10. Understand that floor plan modifications could be an option
While it would be nice to have the right floor plan appear before your eyes, remodeling and modifying a floor plan can be a viable option. Removing a spare closet to make more room in your kids’ bathroom area or opening up a wall to let in natural light could make your floor plan even better. Keep this in mind when looking for a floor plan that is right for you.
For anyone who loves home design, the chance to run free with interior decorating ideas is a home décor dream come true.
The question of how to decorate a room is much more layered if you want it to be easy to use, meet all your needs and feel design polished. So before the paint colour charts make an appearance, start with the fundamentals to create a design that you’ll be happy to call home.
Setting a budget
Making a realistic financial plan is key. Not just to stop the scheme running over budget but also to help you prioritise. Interior design on a budget (whatever the size of that budget) allows you to proportion your funds based on what you believe should be the core focus. Interior design services usually start by trying to understand your priorities for a room, be they practical or atmospheric. If you want a light and bright place to start your morning routine, does that mean sanding back floors and adding in fully retractable roller blinds? Will you need to add in extra lighting? An electrician, plastering and paint or papering skill will also need to be taken into consideration; the actual lighting fitting (and switches) will also need to be budgeted for. These can easily be underestimated or completely missed when drawing up a scheme. If you set a budget, you can quickly see which design options are out of reach or will take up the majority of your costs.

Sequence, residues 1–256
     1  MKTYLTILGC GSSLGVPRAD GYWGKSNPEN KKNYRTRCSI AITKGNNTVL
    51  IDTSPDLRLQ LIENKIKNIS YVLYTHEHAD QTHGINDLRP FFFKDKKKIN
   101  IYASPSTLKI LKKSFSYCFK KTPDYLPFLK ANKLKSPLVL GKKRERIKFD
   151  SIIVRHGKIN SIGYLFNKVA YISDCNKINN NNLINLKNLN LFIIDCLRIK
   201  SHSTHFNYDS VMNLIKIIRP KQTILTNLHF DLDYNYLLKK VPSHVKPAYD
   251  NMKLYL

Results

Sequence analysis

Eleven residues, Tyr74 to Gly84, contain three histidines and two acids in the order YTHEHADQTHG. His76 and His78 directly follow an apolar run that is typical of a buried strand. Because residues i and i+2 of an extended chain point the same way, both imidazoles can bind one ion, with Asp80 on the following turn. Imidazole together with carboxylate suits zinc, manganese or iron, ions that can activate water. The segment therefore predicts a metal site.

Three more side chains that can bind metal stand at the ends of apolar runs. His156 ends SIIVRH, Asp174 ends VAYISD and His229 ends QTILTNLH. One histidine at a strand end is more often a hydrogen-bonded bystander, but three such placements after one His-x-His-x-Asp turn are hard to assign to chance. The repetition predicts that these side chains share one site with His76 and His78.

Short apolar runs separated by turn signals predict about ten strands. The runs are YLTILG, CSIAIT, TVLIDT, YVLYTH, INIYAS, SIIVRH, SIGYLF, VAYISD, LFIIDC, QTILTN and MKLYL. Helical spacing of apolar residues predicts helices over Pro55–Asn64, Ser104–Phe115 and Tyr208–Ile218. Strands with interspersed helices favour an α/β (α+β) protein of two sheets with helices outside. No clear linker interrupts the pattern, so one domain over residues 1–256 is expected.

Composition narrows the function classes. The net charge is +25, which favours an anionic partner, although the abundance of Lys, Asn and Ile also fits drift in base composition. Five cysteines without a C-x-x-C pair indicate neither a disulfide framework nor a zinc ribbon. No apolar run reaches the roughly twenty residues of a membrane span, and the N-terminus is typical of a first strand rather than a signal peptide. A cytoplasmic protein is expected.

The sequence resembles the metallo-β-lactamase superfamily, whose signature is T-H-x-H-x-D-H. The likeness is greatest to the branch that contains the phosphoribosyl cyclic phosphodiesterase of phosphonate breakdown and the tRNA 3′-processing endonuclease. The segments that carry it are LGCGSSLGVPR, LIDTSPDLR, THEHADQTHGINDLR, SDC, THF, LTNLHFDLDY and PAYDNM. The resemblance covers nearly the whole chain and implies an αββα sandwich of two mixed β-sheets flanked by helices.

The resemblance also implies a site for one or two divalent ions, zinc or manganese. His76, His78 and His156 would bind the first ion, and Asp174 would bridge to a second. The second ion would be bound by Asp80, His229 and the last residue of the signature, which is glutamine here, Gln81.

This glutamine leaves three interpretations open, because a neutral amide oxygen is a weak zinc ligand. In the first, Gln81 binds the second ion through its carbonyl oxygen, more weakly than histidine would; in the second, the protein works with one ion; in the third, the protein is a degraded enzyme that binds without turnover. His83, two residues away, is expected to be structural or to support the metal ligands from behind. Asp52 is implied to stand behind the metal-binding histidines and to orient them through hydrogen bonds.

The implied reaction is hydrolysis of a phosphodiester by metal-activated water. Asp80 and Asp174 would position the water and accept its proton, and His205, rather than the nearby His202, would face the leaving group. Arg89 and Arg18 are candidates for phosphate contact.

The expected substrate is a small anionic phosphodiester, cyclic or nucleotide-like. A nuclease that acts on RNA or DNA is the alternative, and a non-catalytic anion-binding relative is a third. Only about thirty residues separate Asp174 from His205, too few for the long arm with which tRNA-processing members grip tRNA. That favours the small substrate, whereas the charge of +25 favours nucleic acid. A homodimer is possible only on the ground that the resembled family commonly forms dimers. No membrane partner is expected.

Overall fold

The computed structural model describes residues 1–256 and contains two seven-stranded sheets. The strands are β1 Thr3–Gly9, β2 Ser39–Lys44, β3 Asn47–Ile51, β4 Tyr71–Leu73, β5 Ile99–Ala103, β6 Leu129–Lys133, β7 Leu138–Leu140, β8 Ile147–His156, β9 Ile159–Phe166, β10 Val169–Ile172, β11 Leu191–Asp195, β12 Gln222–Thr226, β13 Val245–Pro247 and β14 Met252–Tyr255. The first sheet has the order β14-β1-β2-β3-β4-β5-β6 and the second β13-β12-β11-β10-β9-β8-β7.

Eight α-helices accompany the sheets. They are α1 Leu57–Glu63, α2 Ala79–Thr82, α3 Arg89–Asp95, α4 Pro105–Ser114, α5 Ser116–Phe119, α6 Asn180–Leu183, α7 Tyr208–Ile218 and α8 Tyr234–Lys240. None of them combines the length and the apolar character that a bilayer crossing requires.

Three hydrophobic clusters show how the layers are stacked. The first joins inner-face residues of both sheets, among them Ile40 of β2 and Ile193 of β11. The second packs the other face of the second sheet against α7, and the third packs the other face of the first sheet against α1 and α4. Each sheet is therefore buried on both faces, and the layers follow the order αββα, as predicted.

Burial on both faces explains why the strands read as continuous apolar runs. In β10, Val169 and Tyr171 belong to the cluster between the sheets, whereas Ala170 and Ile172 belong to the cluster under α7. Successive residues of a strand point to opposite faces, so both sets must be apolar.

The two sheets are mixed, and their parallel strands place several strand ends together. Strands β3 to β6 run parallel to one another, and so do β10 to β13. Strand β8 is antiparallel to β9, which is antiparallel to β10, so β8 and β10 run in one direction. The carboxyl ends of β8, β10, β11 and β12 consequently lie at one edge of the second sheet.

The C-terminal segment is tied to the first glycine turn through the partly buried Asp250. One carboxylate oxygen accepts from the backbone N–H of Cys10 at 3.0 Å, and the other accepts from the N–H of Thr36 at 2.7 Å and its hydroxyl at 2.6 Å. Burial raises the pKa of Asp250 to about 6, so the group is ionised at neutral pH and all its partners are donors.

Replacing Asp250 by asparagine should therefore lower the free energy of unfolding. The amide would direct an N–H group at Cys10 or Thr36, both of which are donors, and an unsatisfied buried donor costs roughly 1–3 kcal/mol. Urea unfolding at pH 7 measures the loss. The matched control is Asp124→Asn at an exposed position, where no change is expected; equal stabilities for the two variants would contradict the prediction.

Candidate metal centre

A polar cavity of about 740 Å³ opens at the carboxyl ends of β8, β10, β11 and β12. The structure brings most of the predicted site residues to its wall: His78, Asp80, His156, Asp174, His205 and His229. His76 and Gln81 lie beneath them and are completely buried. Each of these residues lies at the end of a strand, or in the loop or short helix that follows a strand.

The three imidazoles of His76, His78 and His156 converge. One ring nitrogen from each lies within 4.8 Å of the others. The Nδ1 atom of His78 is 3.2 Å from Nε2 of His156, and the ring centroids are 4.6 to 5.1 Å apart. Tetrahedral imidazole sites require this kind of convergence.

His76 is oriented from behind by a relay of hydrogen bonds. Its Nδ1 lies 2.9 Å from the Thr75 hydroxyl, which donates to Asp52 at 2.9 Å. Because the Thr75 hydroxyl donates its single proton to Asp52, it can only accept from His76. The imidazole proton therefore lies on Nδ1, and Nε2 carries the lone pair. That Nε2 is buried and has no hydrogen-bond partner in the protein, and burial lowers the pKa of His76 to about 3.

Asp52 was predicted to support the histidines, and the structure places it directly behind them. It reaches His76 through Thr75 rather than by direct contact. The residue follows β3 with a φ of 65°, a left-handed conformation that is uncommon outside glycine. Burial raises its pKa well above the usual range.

You must have a focal point. So when you start, work out which architectural feature or statement piece of furniture that may be. In a period sitting room this may be a fireplace, but artwork or a bold rug can work as the focus. If you have a great view or pretty garden you may want to orientate the room around it. A home design idea that works especially well for large windows, is to change the mood of a room through fabric density and surprise colours. (A roller blind can fully recede to give a full view to a sunny day, but can make a wall of graphic pattern and colour that warms up a room as the evening closes in). And remember, a lot of room ideas fall apart when the colour scheme and room design ideas are carefully executed and then real life arrives. Suddenly all the items that were stored away whilst decorating are unpacked. And the overall scheme loses its cohesion. When you decorate a room take an honest audit of what you have. Review your belongings and group them by shape or colour, a classic interior designer trick. If you have a mismatched collection of periods and styles, look for a colour that brings them together as a backdrop.
Make sure it’s Functional
A successful home interior design scheme that is a joy to look at but also to live in is the ultimate design scheme win. Room design ideas that address practical concerns such as the real height plug heights are needed (not just in skirting boards); flat ones in floors are great for freestanding desks, and mid-wall level for appliances, such as in a kitchen or for wall mounted entertainment systems. Simple interior design ideas such as enough plug sockets where you actually need them (not leaving it to the electrician to decide) or wall mounted reading lights for early evening in a treasured reading nook or an LED light under a bookshelf can transform a room’s efficiency. If planned ahead they are simple to execute as part of the redecoration. but add a polish that far exceeds the cost. And consider future proofing; incorporating home automation that turns on lights, lowers blinds and gently warms your home for your evening return could make the end of a long day even more delightful. A home that gives back; sounds like the ultimate in good living.
The kitchen is the most important room in many of our clients’ homes. We find features, like these, are asked most often to be added into builds. We wanted to share these features with you today!
Come see our show homes at the Dancing Waters Community in Mankato. Wednesday, Thursday, Friday afternoons. Between Victory Drive and Hwy 22.
Now that winter is in full swing, it’s a good time to see how your home is faring against the weather. If you didn’t take steps to winterize your home in the fall, there’s a good chance you’ve got some work to do. Here’s a quick winter home maintenance checklist to help you get things in shape and avoid costly repairs come spring.